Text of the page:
SPDI bank legislation came about because the task force was looking for something to be “known for,” says Land. A bank was the natural answer. Though it started out as a means for cryptocurrency companies to store their assets, the task force began seeing its potential as a way to integrate digital assets into the banking system. Kaufman calls it “an infrastructure, an industry-wide service platform.”
Those instrumental in crafting Wyoming’s SPDI bill acknowledge that it’s a particularly un-sexy piece of legislation with far-reaching implications. “Nobody even knows what we did in the State of Wyoming, where we actually kicked Alexander Hamilton's gravestone,” says Lindholm (Hamilton championed the First Bank of the U.S., a centralized institution set up to regulate the economy’s supply of bank credit). “There hasn't been a 100% reserve bank in the United States since 1790.”
So far, Land says the Wyoming Banking Division has spoken with “a couple hundred companies” about applying for the SPDI charter. Most didn’t have enough money to open a bank, and one had too much, with about $100 million. The sweet spot to apply is the $20 to $30 million range, a number Land says is consistent with the amount of money other new banks raise. (Also, if an SPDI were to shut down, the Wyoming Division of Banking would be responsible for its payouts.)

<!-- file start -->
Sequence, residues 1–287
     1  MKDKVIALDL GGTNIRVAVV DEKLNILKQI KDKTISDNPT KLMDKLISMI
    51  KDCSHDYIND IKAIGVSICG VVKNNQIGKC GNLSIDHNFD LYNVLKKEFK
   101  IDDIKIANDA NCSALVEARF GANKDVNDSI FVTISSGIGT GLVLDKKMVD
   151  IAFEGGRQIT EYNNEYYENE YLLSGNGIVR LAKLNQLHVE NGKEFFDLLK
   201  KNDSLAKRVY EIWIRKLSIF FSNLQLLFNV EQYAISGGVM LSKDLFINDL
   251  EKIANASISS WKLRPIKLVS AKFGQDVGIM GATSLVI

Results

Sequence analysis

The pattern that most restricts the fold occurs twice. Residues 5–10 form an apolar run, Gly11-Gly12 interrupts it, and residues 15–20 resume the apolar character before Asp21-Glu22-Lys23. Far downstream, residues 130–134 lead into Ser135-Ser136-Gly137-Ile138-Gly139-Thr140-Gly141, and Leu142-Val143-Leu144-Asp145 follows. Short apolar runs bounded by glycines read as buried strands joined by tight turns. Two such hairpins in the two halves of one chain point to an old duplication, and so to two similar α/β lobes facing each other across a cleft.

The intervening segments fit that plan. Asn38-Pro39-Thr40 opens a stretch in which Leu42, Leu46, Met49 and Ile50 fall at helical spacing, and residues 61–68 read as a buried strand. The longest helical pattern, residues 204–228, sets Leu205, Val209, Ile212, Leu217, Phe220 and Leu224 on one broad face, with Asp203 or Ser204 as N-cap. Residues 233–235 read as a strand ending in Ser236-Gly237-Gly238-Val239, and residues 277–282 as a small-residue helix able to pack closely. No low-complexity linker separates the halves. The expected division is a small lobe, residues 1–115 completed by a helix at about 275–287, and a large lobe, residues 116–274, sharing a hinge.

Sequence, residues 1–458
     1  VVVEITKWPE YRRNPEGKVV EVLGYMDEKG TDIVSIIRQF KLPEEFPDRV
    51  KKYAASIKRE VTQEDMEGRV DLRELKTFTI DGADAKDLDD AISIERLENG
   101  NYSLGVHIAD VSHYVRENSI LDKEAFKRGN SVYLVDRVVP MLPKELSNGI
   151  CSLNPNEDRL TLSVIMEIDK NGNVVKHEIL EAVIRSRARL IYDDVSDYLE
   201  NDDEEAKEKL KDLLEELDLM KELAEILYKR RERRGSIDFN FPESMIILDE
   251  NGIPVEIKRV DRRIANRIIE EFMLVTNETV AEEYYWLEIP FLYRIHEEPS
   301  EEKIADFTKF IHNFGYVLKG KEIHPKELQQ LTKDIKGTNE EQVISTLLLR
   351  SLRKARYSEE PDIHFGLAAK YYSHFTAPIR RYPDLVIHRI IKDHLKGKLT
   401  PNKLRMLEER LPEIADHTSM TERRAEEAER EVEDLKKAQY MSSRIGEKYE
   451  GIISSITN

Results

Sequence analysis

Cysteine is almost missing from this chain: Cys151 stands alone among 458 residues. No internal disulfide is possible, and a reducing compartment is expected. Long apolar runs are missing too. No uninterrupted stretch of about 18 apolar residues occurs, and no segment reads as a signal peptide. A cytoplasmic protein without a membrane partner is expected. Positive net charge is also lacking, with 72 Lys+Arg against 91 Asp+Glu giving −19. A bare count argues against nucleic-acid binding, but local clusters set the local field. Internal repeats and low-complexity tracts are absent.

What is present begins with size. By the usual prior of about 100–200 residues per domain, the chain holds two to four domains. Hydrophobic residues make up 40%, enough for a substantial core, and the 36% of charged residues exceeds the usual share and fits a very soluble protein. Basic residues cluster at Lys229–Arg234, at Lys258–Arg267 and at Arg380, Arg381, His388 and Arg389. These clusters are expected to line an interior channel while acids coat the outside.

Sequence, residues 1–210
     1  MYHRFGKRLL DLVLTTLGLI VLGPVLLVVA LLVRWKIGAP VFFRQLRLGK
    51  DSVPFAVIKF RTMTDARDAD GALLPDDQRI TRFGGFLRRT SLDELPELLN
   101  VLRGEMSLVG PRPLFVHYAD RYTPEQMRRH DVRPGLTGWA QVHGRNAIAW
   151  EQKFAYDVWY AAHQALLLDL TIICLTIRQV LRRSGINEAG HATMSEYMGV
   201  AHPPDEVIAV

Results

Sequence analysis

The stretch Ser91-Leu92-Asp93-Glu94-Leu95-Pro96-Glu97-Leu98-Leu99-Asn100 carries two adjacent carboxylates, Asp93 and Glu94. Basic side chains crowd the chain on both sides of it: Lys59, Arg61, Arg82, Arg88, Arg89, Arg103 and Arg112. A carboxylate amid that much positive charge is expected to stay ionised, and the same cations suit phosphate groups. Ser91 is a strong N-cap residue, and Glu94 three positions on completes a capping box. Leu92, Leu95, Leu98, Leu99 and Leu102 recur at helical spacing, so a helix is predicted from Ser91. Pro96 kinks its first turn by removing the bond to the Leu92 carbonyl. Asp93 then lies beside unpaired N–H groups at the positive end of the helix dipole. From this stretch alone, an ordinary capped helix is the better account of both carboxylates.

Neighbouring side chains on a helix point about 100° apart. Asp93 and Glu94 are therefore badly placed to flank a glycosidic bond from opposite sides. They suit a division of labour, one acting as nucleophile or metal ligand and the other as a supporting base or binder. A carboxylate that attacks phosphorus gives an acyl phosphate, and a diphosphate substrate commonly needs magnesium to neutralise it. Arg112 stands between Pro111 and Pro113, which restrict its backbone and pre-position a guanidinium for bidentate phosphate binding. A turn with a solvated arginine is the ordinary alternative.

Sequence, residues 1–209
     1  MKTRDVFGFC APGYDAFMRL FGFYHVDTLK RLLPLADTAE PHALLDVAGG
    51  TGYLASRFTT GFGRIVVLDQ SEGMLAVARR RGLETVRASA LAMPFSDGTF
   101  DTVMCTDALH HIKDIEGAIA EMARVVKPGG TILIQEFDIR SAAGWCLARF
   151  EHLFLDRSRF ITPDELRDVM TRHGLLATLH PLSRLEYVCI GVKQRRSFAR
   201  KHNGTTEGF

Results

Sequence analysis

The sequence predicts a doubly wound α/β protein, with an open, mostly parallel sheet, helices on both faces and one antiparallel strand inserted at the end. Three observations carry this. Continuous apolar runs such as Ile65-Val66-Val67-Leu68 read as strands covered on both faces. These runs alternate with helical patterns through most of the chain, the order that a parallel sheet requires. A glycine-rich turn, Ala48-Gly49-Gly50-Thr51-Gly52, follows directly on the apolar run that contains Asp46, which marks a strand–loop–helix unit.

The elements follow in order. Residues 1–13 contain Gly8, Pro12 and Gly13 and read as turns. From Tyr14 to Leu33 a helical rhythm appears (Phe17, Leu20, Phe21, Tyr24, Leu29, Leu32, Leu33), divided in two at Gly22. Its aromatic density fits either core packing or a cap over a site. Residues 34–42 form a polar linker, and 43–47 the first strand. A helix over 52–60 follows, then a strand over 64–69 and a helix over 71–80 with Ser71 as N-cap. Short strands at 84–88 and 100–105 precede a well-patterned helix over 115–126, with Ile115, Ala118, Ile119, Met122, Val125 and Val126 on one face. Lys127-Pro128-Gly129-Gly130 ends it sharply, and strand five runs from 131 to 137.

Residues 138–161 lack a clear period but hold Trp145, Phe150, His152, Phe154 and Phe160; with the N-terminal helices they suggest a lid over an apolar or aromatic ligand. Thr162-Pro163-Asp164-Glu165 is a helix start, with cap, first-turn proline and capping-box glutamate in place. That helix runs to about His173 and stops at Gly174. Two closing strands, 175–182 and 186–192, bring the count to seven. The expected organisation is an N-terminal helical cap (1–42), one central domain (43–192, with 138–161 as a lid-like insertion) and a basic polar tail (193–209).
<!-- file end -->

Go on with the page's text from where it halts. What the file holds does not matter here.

By the end of 2020, Land expects there to be around five operating SPDIs. Kraken has been looking at the application for “months,” says Buchanan, adding that the company is even “seriously considering” moving to Wyoming, largely due to Long’s efforts. “Caitlin is a tremendous force to be reckoned with,” Buchanan says. “She has boundless energy and cares deeply about the development of cryptocurrency and blockchain technology.”
Financial services provider WYo Financial is another possible SPDI hopeful. Its website says that it “intends to be a Wyoming state-chartered financial services provider,” listing the services it “will” be able to offer once its SPDI application is approved.
Wyoming has a long history of principled social initiatives. In 1869, when it was still a territory, Wyoming was the first to grant women the right to vote. Though U.S. Congress tried to get Wyoming to forfeit this right to become a state, it didn’t work, and Wyoming became the first state in the union with women’s suffrage in 1890. Wyoming also first enacted the LLC in 1977 (today most new companies are LLCs).
This fiercely independent spirit, however, also prompted an every person for themselves sort of attitude in regards to property. You can see an illustration of this in the window display for Cheyenne’s Cowgirls of the West Museum. Though ranchers marked their cattle with unique brands, rustlers, aka cattle thieves, could change that original brand into markings of their own. According to the Cowgirl Museum display, a rancher named Ira Crane branded his cattle with his initials, IC. Rustlers added a “U” at the end of the brand on stolen cattle. If Crane, who apparently had a sense of humor, found his cattle and took them back, he’d simply add a “2” at the end to signify his reclamation – ICU2.